How do you plan to monetize?
We’re going to earn a percentage off of every order: the amount will be discussed individually with each coffee shop, but on average this will range from five to seven percent. Each coffee shop will also pay us a small subscription fee – for provision of services. This will help us support our operation.
What’s the situation with preliminary arrangements in general, have you managed to approach any major chains?
We haven’t approached any major market players as of yet, our focus being on individual coffee shops and small chains. Large chains aren’t used to working with startups after all, they love the projects that have already established themselves on the market and proven their effectiveness.
Location-wise, we want to start with coffee shops on Vasilyevsky Island – just because our office is there – and then we, of course, plan to expand to the city center and suburbs. We have preliminary arrangements, here we’re helped by word of mouth – as all coffee shop owners communicate with each other, it’s important for them. If we prove our efficiency right from the start, others won’t mind joining.
How many people are working on your project?
Our team consists of two programmers, two designers, one developer, one salesperson and one marketing specialist – there are eight of us, me included. I’m responsible for the overall organization and a little bit of everything else: negotiating with coffee shops, web development (which is my specialization), and to a small degree design. Half of our team are students, another half combines work on the project with their main job. All of us are here for the idea, because we don’t have a lot of money yet – we chip in with our own money and are only just preparing to attract investments.
How did you assemble the team?
We already had a specific backbone starting out: me, Vladimir – an economist, and Mark – a former restaurant marketing specialist with experience of working at large chains. We’re all close friends, I managed to enthuse the others. Vladimir told his friends and colleagues about the project – and they got inspired too. As for the designers, I found them myself through networking. As a matter of fact, we make quite a tight-knit team, we all believe in this idea.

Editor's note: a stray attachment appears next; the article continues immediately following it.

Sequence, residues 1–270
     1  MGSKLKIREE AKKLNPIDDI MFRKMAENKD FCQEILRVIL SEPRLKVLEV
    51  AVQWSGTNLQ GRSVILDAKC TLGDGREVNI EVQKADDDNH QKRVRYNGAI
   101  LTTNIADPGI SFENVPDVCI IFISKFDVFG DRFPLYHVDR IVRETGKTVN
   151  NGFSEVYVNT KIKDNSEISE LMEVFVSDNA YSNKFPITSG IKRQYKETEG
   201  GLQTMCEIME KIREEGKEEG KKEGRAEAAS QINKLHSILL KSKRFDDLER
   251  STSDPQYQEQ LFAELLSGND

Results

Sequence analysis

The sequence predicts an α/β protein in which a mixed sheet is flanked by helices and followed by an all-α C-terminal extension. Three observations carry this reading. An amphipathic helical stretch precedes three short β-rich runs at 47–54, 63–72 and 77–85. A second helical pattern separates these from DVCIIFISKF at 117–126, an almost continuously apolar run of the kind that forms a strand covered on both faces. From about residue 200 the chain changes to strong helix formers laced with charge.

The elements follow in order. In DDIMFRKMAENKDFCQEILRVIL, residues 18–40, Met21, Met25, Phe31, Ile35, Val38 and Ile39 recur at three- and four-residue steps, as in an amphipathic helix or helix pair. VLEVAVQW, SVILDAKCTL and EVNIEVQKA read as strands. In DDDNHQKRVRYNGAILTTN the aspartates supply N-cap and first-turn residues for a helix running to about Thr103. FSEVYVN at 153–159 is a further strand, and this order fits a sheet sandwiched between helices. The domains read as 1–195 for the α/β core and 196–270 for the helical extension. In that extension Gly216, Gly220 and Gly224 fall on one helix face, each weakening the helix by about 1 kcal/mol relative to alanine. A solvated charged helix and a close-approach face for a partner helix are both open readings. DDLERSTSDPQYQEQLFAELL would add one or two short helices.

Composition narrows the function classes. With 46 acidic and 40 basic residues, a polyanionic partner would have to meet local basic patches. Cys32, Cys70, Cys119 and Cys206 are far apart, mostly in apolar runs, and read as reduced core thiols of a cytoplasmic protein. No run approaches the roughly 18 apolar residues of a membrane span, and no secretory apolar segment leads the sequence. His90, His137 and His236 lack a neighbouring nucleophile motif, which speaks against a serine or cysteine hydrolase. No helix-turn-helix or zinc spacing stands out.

What stage is your project on?
We’re really close to the MVP (minimum viable product) stage and are preparing to launch as soon as possible – hopefully in July. Because now is an opportune time – quarantine is ending, everywhere is slowly reopening, and establishments really need a new intake of clients. We’ve spent a lot of resources on the app, it’s not quite ready yet, but we will complete it soon.
Could you tell us about your work at ITMO Accelerator? How did you get into it?
We got into it via Pre-accelerator. I heard about it from my friend and project partner Mark – he’s always been interested in the startup community. There, we got a good starting background. At Accelerator, the program is more interesting, it provides more subject-specific knowledge: how to present your team, how to negotiate, how to boost your soft skills, how to establish contacts. We get help in organizing meetings with investors and getting media mentions, telling people about our project.
We’re all head over heels with Accelerator and are grateful that it even exists. It has a very nice ambiance and organization, it’s just great to be here because you always know who to resort to for advice and know that you’ll always be helped. Plus, there’s a constant flow of useful information, knowledge, and like-minded people you can talk to – with all of these people being very friendly.
How do you see your product developing in the future? Will you introduce some new features or functions?
We’re planning for quite a few unique features. For example, in the near future we want to introduce a technology where we’ll analyze a user’s alarm time and send a special push notification hinting that it’s time to order coffee from their favorite coffee shop – this we will also analyze, which place the user frequents the most. We’ll also have a calendar with a schedule, where you can indicate the days and specific times by which you need to have your coffee made. What we’ll get as a result is some sort of an automatic subscription – this will help users save some time.
Our global plan is to expand to Moscow and the entirety of Russia, and then the neighboring countries, if everything goes well in St. Petersburg. The European market is off the table – they have a different culture of consumption, people aren’t used to constantly rushing everywhere. They like sitting in a coffee shop and talking at their leisure.